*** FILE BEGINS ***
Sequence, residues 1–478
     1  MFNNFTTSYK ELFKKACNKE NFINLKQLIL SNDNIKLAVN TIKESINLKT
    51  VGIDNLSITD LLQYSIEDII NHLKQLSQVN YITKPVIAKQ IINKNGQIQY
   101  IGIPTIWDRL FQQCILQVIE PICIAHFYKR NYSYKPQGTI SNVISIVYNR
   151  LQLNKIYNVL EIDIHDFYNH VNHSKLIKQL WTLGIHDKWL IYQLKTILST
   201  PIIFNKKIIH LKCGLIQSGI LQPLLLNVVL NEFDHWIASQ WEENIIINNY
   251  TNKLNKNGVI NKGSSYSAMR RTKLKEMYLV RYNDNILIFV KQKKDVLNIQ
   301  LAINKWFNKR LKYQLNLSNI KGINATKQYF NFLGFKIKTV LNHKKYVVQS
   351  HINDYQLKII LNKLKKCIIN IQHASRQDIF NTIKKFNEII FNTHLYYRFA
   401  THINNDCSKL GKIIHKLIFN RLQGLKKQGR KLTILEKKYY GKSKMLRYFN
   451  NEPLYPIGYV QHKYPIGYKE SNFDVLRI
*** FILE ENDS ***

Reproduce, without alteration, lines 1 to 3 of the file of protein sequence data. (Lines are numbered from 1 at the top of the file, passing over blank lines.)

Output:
Sequence, residues 1–478
     1  MFNNFTTSYK ELFKKACNKE NFINLKQLIL SNDNIKLAVN TIKESINLKT
    51  VGIDNLSITD LLQYSIEDII NHLKQLSQVN YITKPVIAKQ IINKNGQIQY